A single-walled carbon nanotube (SWCNT) with an initial length of 24 nm (Fig. 1a) was formed in situ by the electrical breakdown of a multiwalled carbon nanotube inside a high-resolution transmission electron microscope equipped with a piezo manipulator5. The piezo manipulator was used to pull the SWCNT to increase the strain (Fig. 1b–d), at a constant bias of 2.3 volts. At tensile failure, the SWCNT was 91 nm long, showing a tensile elongation of 280%; its diameter was reduced 15-fold, from 12 to 0.8 nm. As the SWCNT segment was clamped between the layers of the multiwalled carbon nanotube, the possibility of wall-sliding during elongation is ruled out. The diameter of the elongated nanotubes did not change significantly when wall-sliding occurred.

Figure 1: In situ tensile elongation of individual single-walled carbon nanotubes viewed in a high-resolution transmission electron microscope.
figure 1

a–d, Tensile elongation of a single-walled carbon nanotube (SWCNT) under a constant bias of 2.3 V (images are all scaled to the same magnification). Arrowheads mark kinks; arrows indicate features at the ends of the nanotube that are almost unchanged during elongation. e–g, Tensile elongation of a SWCNT at room temperature without bias (images e and f are scaled to the same magnification). Initial length is 75 nm (e); length after elongation (f) and at the breaking point (g) is 84 nm; g, low-magnification image of the SWCNT breaking in the middle.

A 280% tensile strain and 15-fold reduction in diameter are unprecedented in a SWCNT. Ropes of single-walled3,4 and multiwalled6 carbon nanotubes break at strains of less than about 6% and 12%, respectively, which is significantly less than that seen here. We propose that the super-elongation we observe is due to a fully plastic deformation mechanism that occurs at high temperatures.

During deformation at a bias of 2.3 V, the temperature in the middle of the SWCNT is estimated to be more than 2,000 °C (see supplementary information). At such high temperatures, the nanotube seems to be completely ductile. Kinks and point defects are fully activated, resulting in superplastic deformation impossible at low temperatures. Kinks form frequently during tensile straining (Fig. 1b–d), propagate along the tube and then pile up (Fig. 1d) or disappear at the ends (for movie, see supplementary information).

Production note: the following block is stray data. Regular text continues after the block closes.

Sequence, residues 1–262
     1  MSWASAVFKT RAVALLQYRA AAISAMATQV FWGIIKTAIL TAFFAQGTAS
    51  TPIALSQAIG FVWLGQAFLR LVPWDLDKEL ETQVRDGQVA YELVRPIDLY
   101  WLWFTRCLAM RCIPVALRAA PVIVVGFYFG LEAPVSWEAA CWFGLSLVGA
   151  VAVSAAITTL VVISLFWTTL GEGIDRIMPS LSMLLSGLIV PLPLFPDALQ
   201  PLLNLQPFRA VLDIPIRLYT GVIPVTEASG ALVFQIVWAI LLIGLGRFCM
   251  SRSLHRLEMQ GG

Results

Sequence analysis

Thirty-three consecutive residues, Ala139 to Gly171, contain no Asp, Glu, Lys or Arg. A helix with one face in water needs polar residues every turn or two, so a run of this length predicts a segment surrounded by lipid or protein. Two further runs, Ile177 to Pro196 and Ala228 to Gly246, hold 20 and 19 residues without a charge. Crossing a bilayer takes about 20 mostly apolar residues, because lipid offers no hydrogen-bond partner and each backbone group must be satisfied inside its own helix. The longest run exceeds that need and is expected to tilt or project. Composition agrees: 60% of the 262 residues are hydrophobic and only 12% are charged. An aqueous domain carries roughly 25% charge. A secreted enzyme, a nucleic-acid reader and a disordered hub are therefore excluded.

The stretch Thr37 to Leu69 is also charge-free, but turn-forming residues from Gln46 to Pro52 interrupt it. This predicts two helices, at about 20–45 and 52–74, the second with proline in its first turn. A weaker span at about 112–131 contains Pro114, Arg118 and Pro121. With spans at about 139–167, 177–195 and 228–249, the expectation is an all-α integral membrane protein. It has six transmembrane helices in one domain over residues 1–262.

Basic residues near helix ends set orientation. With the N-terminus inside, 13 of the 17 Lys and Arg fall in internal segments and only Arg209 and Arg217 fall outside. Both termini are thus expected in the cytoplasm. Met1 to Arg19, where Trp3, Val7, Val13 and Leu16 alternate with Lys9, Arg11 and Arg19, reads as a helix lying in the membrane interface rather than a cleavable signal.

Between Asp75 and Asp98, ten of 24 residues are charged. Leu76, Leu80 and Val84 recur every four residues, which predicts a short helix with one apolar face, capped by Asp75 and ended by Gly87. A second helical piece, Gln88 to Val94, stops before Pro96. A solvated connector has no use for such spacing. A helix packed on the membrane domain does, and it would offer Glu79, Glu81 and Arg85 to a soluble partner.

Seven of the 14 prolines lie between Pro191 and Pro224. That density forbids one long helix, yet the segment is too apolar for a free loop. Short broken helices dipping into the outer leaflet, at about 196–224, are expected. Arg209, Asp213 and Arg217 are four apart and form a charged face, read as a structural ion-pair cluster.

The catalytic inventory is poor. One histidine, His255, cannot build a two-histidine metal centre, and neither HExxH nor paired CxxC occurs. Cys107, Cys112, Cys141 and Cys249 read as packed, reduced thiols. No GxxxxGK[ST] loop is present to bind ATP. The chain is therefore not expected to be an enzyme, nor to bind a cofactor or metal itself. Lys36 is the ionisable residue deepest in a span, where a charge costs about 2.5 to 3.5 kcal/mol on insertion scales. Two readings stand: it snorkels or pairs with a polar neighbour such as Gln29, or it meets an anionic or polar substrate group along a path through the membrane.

The kink motion is evidence of kink-mediated plasticity at high temperatures. The nanotube narrows immediately after the kink passes. We suggest that these kinks are associated with one or several unit dislocations that have a Burgers vector of 1/3 <1120> type.

Such large plastic strains in nanotubes demonstrate their ductile nature at high temperatures7,8,9. In contrast, tensile-pulling experiments at room temperature without any bias showed that almost all nanotubes failed at a tensile strain of less than 15% (Fig. 1e–g). Our experimental evidence (not shown) shows that, as well as kink nucleation and motion, atom diffusion is important during superplastic deformation, helping to heal defects such as vacancies and to prevent the formation of large rings that might initiate cracks and lead to failure of the strained nanotube.

When the diameter and length of a SWCNT change in this dramatic way, the current flowing in the nanotube drops sharply from 80 μA to almost zero, causing the current density to drop from 109 to 108 A cm−2 and then to almost zero (for details, see supplementary information). An increase in defect density causes this rapid fall in current density as the nanotube diameter decreases.

Our surprising discovery of superplasticity in nanotubes should encourage the investigation of their mechanical and electronic behaviour at high temperatures. They may be useful as reinforcement agents in ceramics and other nanocomposites for high-temperature applications9,10,11.